WEST JORDAN — City and state officials have different visions for the future of New Bingham Highway, and it's making some landowners, west-side residents and business owners nervous.
The Utah Department of Transportation held an open house Thursday at Copper Hills High School to get public input on the traffic and safety concerns along the highway, specifically from 2700 West to 6400 West.
But it was misinformation concerning a possible closure of New Bingham Highway (state Route 48) that prompted a few hundred people to show up, ask questions and share their opinions about the west-side highway.
"I don't know where that information came from," said Walt Steinvorth, a transportation planning manager for UDOT. "Closing S.R. 48 is not something UDOT is considering or something we have discussed."
Concerns about the closure of the highway likely are linked to West Jordan's long-range transportation plan, which calls for the northeast-to-southwest highway to be de-emphasized in favor of a grid system.
"Nobody's proposing to close it," said Tom Burdett, West Jordan's community development director. "We just want to realign it to an east-west street instead of a diagonal street."
City officials want to see 7800 South and 9000 South become the main thoroughfares for east-west travel on the west side.
"Road engineers don't like these diagonal roads," Mayor David Newton said. "They cause problems with how you come into them, how you go out of them, how you cross them and turn on and off of them. It just makes it harder to do. That's why they favor the grid system."
The West Jordan City Council approved a long-term transportation plan in July, outlining the grid system for the city's west side. Under the plan, New Bingham Highway essentially would become 8600 South and run east-west from 5600 South to state Route 111.
But New Bingham Highway is a state road, which means West Jordan has little say in how much or how little the road plays into future transportation plans.
UDOT's plans show the highway being widened and improved to handle future growth and traffic demands.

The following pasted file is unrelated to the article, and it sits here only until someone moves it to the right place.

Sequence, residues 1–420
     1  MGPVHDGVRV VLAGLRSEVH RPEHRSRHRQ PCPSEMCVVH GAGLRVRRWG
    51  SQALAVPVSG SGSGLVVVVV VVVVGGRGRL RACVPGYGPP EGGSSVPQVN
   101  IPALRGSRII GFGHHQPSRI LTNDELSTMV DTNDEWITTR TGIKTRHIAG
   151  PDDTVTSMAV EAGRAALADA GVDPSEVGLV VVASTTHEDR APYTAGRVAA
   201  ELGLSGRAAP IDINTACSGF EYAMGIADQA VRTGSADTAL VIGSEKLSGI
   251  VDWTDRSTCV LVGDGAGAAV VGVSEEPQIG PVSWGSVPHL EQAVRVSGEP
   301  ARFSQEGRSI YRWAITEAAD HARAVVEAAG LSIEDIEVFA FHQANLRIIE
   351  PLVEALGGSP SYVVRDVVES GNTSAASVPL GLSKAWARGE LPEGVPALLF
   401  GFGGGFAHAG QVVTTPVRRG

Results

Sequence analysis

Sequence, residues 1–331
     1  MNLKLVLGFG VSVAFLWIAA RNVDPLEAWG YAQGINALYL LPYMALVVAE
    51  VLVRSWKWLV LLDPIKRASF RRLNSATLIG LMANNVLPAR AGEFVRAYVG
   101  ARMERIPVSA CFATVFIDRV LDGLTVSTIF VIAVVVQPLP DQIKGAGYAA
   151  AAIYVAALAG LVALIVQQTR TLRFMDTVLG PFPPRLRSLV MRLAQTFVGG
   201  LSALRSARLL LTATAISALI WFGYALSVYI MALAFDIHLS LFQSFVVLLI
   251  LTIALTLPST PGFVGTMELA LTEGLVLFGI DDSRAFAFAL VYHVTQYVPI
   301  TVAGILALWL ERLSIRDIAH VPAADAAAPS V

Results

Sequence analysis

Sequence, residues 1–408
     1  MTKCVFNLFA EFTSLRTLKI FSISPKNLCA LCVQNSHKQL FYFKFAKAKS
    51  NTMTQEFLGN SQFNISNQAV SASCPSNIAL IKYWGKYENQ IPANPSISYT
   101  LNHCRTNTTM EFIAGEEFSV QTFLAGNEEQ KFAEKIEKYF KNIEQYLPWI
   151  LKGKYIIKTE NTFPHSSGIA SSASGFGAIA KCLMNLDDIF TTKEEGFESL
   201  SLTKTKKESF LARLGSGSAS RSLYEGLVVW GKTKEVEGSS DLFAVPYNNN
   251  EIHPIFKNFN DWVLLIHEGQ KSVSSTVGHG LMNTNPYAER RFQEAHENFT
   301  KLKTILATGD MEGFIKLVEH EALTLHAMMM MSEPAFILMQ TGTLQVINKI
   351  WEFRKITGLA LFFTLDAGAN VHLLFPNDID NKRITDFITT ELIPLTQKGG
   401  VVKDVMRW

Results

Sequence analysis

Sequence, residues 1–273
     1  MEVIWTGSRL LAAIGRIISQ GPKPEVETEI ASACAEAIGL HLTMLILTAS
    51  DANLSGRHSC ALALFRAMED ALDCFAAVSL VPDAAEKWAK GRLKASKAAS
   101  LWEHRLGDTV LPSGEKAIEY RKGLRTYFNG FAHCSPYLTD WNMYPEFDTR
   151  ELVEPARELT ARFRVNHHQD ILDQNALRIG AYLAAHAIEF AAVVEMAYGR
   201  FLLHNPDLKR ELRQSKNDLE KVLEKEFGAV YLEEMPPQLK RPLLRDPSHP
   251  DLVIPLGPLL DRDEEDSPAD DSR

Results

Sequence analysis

"UDOT's biggest concern is getting regional traffic around," said Wendell Rigby, West Jordan's director of engineering. "We want to be part of the discussions and let them know what our concerns are. But they're going to tell us how it's going to be used and how it's going to be assessed."
Several Copperton residents attended the open house Tuesday to oppose West Jordan's plans, saying New Bingham Highway is essential to the west-side township.
Kennecott Utah Copper officials also oppose West Jordan's plans because New Bingham Highway is the company's only designated truck route to the copper mine in Bingham Canyon.
"It's critical to our operations," said Larry Bunkall, Kennecott's assistant director of government and public affairs.
Mayor Newton said city planners have taken into account the needs of Kennecott and Copperton residents in its long-range plan.
Under the plan, 9000 South would be expanded to meet Kennecott's needs for hauling large equipment, instead of New Bingham Highway, he said. As for Copperton residents, they'll have several east-west options connecting to S.R. 111.
"We won't cut off anybody," Newton said. "We won't cut off Copperton. We won't cut off Kennecott Copper. There will have to be alternatives for this to work."
Steinvorth said state and city officials will need to work together, along with the Wasatch Front Regional Council, to discuss plans for New Bingham Highway. But neither West Jordan nor UDOT knows when that will happen.
"At some point we'll have to address it," Steinvorth said. "Right now, it's just informational."